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. 2018 Apr 29;15(1):13.
doi: 10.1186/s12987-018-0098-1.

Fluid Outflow in the Rat Spinal Cord: The Role of Perivascular and Paravascular Pathways

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Free PMC article

Fluid Outflow in the Rat Spinal Cord: The Role of Perivascular and Paravascular Pathways

Shinuo Liu et al. Fluids Barriers CNS. .
Free PMC article

Abstract

Background: Cerebrospinal fluid (CSF) is thought to flow into the brain via perivascular spaces around arteries, where it mixes with interstitial fluid. The precise details concerning fluid outflow remain controversial. Although fluid dynamics have been studied in the brain, little is known about spinal cord fluid inflow and outflow. Understanding the normal fluid physiology of the spinal cord may give insight into the pathogenesis of spinal cord oedema and CSF disorders such as syringomyelia. We therefore aimed to determine the fluid outflow pathways in the rat spinal cord.

Methods: A fluorescent tracer, Alexa-Fluor®-647 Ovalbumin, was injected into the extracellular space of either the cervicothoracic lateral white matter or the grey matter in twenty-two Sprague-Dawley rats over 250 s. The rats were sacrificed at 20 or 60 min post injection. Spinal cord segments were sectioned and labelled with vascular antibodies for immunohistochemistry.

Results: Fluorescent tracer was distributed over two to three spinal levels adjacent to the injection site. In grey matter injections, tracer spread radially into the white matter. In white matter injections, tracer was confined to and redistributed along the longitudinal axonal fibres. Tracer was conducted towards the pial and ependymal surfaces along vascular structures. There was accumulation of tracer around the adventitia of the intramedullary arteries, veins and capillaries, as well as the extramedullary vessels. A distinct layer of tracer was deposited in the internal basement membrane of the tunica media of arteries. In half the grey matter injections, tracer was detected in the central canal.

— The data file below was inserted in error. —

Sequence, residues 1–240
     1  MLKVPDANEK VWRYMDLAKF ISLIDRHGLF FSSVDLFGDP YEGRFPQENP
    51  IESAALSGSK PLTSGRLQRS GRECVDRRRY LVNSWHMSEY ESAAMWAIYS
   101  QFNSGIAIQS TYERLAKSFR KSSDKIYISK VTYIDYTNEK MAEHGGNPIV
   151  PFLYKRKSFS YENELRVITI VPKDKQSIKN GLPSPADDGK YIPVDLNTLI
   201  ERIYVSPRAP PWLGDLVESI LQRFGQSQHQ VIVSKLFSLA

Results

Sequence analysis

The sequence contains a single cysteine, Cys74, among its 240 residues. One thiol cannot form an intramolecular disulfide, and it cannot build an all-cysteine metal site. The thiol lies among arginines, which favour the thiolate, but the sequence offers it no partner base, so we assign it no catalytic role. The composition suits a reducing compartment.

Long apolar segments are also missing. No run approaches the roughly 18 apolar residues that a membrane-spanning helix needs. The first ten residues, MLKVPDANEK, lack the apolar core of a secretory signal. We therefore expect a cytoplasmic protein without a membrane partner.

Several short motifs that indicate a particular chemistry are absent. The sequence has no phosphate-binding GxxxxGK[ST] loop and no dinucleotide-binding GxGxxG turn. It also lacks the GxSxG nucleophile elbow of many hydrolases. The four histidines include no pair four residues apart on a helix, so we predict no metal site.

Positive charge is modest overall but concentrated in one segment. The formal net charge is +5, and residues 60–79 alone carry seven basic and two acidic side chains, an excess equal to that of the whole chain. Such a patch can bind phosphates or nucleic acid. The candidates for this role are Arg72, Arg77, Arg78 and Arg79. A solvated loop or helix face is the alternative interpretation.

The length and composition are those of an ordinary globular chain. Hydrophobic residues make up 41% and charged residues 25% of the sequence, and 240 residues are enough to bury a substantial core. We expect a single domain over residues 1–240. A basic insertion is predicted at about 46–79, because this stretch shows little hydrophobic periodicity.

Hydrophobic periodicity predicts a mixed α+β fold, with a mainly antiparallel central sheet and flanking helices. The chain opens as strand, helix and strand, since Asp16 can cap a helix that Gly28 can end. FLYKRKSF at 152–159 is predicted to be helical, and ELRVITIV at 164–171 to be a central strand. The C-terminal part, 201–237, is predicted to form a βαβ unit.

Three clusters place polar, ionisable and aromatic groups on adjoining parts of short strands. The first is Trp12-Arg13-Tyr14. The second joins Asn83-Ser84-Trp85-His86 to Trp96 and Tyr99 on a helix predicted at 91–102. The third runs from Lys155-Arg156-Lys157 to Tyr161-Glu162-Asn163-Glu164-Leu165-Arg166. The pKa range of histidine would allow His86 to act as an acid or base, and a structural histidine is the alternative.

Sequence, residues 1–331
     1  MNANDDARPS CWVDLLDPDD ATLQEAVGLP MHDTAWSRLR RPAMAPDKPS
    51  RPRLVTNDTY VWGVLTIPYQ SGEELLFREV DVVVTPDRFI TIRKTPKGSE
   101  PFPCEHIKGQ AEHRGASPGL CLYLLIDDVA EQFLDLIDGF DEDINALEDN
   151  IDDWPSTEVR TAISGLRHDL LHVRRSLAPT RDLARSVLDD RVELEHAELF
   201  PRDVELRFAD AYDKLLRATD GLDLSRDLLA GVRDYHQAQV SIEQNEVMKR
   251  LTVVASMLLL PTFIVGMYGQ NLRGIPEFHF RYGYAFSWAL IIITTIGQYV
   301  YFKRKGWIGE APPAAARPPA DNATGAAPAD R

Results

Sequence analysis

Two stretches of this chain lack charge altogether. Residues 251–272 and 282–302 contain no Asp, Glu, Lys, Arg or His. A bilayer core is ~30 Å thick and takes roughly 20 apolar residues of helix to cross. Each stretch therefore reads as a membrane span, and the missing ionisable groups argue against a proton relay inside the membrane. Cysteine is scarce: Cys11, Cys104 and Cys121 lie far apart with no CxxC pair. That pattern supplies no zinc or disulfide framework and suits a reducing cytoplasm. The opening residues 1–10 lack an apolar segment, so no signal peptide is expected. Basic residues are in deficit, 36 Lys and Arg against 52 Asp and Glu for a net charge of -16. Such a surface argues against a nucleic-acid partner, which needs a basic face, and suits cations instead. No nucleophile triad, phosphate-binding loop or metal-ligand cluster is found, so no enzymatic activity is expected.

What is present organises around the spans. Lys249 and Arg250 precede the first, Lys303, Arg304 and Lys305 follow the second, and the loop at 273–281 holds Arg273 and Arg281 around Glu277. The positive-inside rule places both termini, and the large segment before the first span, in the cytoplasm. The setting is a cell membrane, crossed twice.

Conclusions: These results suggest that in the spinal cord interstitial fluid movement is modulated by tissue diffusivity of grey and white matter. The central canal, and the compartments around or within blood vessels appear to be dominant pathways for fluid drainage in these experiments. There may be regional variations in fluid outflow capacity due to vascular and other anatomical differences between the grey and white matter.

Keywords: Cerebrospinal fluid; Interstitial fluid; Outflow; Perivascular; Spinal cord; Syringomyelia.

Figures

Fig. 1
Fig. 1
White light and single fluorescence channel acquisition of harvested brain and spinal cord with the in-vivo MS FX PRO Multispectral Imager System. Brightness and contrast have been uniformly adjusted for optimal visualisation. a White light enabled spinal level localisation. b Macroscopic appearance of tracer distribution. There is a sharp drop off in fluorescence intensity within 1–2 spinal levels rostral and caudal to injection site at C7/8 (arrow)
Fig. 2
Fig. 2
Quantification of rostral–caudal tracer fluorescence (mean fluorescence intensity) per spinal level after grey (n = 10) and white (n = 10) matter injections at 20 min (a, left panel) and at 60 min (b, right panel). Each spinal cord level (“Level”) is expressed as the number of levels rostral (positive integers) or caudal (negative integers) to injection site. All error bars are expressed as ± SEM. In both white and grey matter injections at both time points, there was a sharp drop off of tracer fluorescence within 2 levels rostral and caudad to the injection. At the 20 min time point a, there was no difference in fluorescence intensity between white and grey matter injections, but on post hoc analysis a significant difference was reached at − 1 level caudal to the injection site (*p = 0.0341). At the 60 min time point b, fluorescence intensity was significantly higher in the white matter injections compared to the grey matter injections (p = 0.0026). On post hoc analysis significant differences were observed at + 1 and + 2 levels rostral to the injection point (*p = 0.0448 and 0.0259 respectively)
Fig. 3
Fig. 3
Quantification of microscopic axial section tracer fluorescence (integrated density) per spinal level after grey and white matter injections. Each spinal cord level (“Level”) is expressed as the number of levels rostral (positive integers) or caudal (negative integers) to injection site. All error bars are expressed as ± SEM. a After grey matter injections at 20 min (n = 5) there was no statistical difference between grey and white matter fluorescence. b This was also observed in grey matter injections after 60 min (n = 5). However, after white matter injections at c 20 min (n = 5) and at d 60 min (n = 5), there was significantly greater tracer fluorescence in the white matter compared to the grey matter (p = 0.0094 and 0.0041 for 20 and 60 min respectively). On post hoc analysis, a statistically significant difference was observed at one level caudal to the injection site (***p < 0.0001) at 20 min (c), and one level rostral and caudal at 60 min (d) (**p = 0.0017, ****p < 0.0001)
Fig. 4
Fig. 4